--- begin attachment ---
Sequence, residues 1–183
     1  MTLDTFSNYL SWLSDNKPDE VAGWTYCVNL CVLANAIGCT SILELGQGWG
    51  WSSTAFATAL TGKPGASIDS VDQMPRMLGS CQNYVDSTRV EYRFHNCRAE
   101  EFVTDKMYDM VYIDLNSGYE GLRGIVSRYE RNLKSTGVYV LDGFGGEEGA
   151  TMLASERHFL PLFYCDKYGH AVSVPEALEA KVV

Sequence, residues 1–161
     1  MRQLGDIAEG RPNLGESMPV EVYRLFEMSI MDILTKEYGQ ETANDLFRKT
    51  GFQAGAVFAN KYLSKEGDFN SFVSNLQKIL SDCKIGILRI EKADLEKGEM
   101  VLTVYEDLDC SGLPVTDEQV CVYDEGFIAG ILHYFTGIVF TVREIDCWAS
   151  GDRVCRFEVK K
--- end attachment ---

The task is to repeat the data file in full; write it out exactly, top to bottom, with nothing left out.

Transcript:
Sequence, residues 1–183
     1  MTLDTFSNYL SWLSDNKPDE VAGWTYCVNL CVLANAIGCT SILELGQGWG
    51  WSSTAFATAL TGKPGASIDS VDQMPRMLGS CQNYVDSTRV EYRFHNCRAE
   101  EFVTDKMYDM VYIDLNSGYE GLRGIVSRYE RNLKSTGVYV LDGFGGEEGA
   151  TMLASERHFL PLFYCDKYGH AVSVPEALEA KVV

Sequence, residues 1–161
     1  MRQLGDIAEG RPNLGESMPV EVYRLFEMSI MDILTKEYGQ ETANDLFRKT
    51  GFQAGAVFAN KYLSKEGDFN SFVSNLQKIL SDCKIGILRI EKADLEKGEM
   101  VLTVYEDLDC SGLPVTDEQV CVYDEGFIAG ILHYFTGIVF TVREIDCWAS
   151  GDRVCRFEVK K